THIRUVANANTHAPURAM, India (AFP) — A young Roman Catholic nun who once disfigured herself to avoid marriage will become India's first woman saint on Sunday when she is canonised by Pope Benedict XVI.
A large number of Indian clergy and pilgrims are expected to attend the special mass at the Vatican for Sister Alphonsa Muttathupadathu, who died in 1946 at the age of 36.
She is only the second Indian to be elevated to sainthood after the 16th century martyr, Gonsalo Garcia, who was canonised in 1862. Albanian-born Mother Teresa of Calcutta, who died in 1997, was beatified in 2003 -- the first step to sainthood.
Sister Alphonsa's pending canonisation has caused great excitement among Catholics in India and comes at a time when the Christian community here has been feeling under considerable threat.
Around 35 people have been killed and numerous churches burned since August in anti-Christian violence in the eastern state of Orissa which has been strongly condemned by Pope Benedict.
Hardline Hindu groups have long accused missionaries of bribing poor tribespeople and low-caste Hindus to convert to Christianity by offering free education and health care.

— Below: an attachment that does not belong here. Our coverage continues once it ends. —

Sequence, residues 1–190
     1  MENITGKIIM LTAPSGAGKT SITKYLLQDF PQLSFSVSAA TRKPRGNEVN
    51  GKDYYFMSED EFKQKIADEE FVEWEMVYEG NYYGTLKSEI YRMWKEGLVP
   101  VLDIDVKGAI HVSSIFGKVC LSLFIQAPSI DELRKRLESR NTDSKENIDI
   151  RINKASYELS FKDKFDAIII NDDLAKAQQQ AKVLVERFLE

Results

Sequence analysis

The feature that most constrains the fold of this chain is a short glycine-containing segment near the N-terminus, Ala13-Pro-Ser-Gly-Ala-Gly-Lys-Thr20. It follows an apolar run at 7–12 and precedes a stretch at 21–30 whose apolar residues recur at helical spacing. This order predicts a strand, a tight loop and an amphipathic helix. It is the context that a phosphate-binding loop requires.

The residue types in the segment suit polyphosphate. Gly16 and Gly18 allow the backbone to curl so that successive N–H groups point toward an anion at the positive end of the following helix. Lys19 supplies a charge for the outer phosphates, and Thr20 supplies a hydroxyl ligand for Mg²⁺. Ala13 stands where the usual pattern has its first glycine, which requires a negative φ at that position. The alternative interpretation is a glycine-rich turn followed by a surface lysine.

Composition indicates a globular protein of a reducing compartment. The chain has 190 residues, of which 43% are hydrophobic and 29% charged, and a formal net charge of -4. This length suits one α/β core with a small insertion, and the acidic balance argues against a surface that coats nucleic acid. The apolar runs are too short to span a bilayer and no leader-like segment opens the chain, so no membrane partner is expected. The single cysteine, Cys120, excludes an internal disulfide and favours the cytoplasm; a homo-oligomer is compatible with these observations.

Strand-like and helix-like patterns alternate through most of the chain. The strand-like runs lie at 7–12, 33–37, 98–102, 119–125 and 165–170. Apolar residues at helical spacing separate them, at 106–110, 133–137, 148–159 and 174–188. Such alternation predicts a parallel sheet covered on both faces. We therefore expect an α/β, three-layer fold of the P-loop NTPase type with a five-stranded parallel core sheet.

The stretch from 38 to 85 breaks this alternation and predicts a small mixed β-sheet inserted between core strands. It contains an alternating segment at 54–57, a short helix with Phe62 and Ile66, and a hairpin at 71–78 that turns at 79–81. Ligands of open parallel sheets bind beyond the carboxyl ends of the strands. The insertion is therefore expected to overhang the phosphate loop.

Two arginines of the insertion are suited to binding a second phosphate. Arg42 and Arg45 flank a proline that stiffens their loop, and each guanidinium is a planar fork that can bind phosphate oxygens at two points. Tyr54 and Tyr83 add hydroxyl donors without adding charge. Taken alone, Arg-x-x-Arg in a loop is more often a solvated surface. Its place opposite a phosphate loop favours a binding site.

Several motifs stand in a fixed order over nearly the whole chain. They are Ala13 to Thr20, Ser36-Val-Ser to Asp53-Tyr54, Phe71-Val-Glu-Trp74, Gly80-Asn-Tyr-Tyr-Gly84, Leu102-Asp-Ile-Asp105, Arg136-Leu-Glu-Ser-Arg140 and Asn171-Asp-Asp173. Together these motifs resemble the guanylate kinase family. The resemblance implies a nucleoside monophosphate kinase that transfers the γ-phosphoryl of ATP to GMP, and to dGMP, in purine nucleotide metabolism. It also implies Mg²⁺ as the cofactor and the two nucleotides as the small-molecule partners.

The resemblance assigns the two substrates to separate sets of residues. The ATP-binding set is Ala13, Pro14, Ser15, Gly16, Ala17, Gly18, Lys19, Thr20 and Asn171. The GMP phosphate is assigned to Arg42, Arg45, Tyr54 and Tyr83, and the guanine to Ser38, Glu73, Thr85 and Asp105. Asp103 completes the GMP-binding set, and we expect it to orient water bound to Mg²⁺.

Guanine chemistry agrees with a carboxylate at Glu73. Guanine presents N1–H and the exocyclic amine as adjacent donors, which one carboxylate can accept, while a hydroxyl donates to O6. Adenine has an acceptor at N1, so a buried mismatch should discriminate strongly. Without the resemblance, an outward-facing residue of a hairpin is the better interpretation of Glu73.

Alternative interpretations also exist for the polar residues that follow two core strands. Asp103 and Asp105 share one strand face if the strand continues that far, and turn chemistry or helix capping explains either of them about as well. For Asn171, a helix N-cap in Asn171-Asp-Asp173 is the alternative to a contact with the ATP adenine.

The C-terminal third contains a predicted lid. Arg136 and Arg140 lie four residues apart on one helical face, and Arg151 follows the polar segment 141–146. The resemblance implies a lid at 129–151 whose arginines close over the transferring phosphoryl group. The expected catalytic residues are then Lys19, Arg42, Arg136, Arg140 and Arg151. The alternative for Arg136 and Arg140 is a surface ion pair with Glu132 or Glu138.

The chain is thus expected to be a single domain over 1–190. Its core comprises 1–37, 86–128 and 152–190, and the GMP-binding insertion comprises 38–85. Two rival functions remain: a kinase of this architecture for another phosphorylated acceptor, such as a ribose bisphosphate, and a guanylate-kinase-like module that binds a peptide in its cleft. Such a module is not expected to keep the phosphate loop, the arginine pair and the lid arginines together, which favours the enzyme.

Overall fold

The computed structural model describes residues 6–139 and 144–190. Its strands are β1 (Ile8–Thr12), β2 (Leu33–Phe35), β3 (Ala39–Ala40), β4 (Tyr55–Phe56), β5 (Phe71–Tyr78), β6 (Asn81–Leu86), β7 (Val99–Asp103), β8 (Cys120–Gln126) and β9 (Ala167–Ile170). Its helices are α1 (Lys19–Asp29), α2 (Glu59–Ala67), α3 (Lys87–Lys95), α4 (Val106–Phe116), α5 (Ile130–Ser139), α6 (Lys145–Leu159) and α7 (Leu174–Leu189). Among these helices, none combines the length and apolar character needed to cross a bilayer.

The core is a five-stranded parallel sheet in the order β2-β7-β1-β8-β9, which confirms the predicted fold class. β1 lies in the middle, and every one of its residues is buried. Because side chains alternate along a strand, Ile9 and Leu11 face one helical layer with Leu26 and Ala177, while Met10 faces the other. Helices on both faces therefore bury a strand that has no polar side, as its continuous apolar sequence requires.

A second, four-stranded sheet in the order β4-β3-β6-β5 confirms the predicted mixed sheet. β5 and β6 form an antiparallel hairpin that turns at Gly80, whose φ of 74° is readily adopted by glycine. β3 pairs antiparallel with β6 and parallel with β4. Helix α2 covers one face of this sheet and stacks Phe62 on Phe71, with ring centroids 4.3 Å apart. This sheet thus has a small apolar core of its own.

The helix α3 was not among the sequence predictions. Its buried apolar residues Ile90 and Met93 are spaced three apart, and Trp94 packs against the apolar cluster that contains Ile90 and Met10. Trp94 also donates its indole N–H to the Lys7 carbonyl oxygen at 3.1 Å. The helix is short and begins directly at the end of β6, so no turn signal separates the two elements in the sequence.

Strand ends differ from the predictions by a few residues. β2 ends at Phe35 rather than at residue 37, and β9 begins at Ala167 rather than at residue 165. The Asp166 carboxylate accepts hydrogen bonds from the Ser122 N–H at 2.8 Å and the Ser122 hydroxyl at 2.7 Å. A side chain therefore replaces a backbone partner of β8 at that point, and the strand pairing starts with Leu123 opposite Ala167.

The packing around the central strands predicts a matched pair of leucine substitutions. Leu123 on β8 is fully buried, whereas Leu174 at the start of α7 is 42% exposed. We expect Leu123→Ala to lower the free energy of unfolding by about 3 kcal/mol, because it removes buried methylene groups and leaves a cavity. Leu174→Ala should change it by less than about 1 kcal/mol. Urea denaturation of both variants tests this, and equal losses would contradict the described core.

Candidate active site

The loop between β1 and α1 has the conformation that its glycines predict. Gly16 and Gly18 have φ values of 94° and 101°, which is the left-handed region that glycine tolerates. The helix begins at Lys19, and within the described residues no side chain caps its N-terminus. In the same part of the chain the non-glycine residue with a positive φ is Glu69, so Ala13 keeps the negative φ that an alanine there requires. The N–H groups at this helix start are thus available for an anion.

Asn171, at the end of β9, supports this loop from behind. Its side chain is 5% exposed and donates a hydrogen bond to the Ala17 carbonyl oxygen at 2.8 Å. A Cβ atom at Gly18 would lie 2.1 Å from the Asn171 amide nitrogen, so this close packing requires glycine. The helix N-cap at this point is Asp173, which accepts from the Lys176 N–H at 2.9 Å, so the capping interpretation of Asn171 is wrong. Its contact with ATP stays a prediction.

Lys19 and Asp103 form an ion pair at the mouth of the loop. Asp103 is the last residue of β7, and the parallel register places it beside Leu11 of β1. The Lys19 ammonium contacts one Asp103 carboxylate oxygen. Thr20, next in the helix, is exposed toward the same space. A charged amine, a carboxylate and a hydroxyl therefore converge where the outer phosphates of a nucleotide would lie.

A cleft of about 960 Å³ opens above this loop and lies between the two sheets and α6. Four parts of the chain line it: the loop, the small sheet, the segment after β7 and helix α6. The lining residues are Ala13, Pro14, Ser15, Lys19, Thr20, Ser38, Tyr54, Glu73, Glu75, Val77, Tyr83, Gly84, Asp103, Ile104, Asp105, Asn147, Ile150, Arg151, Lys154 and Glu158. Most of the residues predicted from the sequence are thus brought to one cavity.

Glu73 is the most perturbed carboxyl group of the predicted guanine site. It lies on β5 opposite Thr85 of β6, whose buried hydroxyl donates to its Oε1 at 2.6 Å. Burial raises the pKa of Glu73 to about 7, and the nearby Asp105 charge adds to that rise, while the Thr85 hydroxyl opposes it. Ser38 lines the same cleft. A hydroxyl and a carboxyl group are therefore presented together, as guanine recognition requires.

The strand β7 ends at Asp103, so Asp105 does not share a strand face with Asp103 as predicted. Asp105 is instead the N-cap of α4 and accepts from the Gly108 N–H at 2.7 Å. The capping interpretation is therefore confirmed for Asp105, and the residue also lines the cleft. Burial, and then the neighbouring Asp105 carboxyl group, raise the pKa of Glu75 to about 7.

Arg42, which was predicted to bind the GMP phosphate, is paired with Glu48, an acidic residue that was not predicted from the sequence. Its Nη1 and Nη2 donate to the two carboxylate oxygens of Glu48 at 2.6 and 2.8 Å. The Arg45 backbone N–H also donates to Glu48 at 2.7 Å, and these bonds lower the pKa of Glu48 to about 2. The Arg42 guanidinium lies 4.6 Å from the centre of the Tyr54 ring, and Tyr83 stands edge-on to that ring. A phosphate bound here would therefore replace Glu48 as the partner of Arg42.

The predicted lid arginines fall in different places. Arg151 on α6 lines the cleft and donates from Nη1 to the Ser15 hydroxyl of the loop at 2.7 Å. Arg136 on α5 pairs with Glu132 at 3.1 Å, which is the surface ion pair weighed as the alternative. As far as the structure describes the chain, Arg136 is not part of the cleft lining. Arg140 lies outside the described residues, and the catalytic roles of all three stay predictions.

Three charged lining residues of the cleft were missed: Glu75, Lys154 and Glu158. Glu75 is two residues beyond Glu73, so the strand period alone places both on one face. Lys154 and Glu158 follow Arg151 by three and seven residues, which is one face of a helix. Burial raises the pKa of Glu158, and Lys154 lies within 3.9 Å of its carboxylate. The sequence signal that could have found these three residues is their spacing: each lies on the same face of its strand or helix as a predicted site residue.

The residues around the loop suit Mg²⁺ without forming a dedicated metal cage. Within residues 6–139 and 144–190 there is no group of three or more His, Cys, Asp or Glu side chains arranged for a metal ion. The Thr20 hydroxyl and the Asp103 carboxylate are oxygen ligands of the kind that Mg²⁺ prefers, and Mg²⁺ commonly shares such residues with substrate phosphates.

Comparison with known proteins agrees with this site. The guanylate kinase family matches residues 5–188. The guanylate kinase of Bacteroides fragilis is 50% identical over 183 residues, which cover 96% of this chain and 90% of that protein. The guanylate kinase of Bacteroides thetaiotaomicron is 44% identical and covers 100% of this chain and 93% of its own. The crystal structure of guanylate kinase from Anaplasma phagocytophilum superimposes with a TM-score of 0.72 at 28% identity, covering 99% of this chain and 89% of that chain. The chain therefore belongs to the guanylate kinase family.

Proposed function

"In these times, the canonisation is an encouraging moment for those suffering in the name of Jesus," said Father Alphonse Arokiam, who heads one of the churches dedicated to the popular saint-elect.
Christians account for 2.3 percent of India's billion-plus Hindu majority population.
Such is the importance attached to Sunday's ceremony that the Communist government in Sister Alphonsa's home state of Kerala in southern India has despatched a cabinet minister to the Vatican.
And thousands are expected to crowd the site of her tomb in the small Kerelan town of Bharananganam on Sunday for their own celebrations.
"It's a matter of great joy for the Indian Christian community that one of its believers is being canonised," said Father Dominic Emmanuel, spokesman for the Delhi Catholic archdiocese.
Born in 1910, Sister Alphonsa was so determined to enter a convent that she deliberately stepped into a burning fire to disfigure her feet so that her aunt would stop pressuring her to marry.
She was plagued by serious illness for much of her relatively short life, but was known for her stoicism and compassion. After her death, numerous miracles were attributed to her and her burial place became a pilgrimage site, especially for those seeking relief from ill health.
"She was not famous, she led an uneventful life. But she was able to see God's hand in her suffering and receive it with joy," said Arokiam.
The main miracle attributed to her intercession and approved by the Vatican involved the reported cure in 1999 of a one-year-old boy, Jinil Joseph, who was born with a birth defect affecting his lower limbs.
After a visit to Sister Alphonsa's tomb, his legs apparently straightened despite his parents being told they would only do so with expensive surgery.
"I pray to Sister Alphonsa everyday for curing me. She made my life normal and I'm indebted to her for the miracle cure," said Jinil, who will be at the Vatican canonisation ceremony
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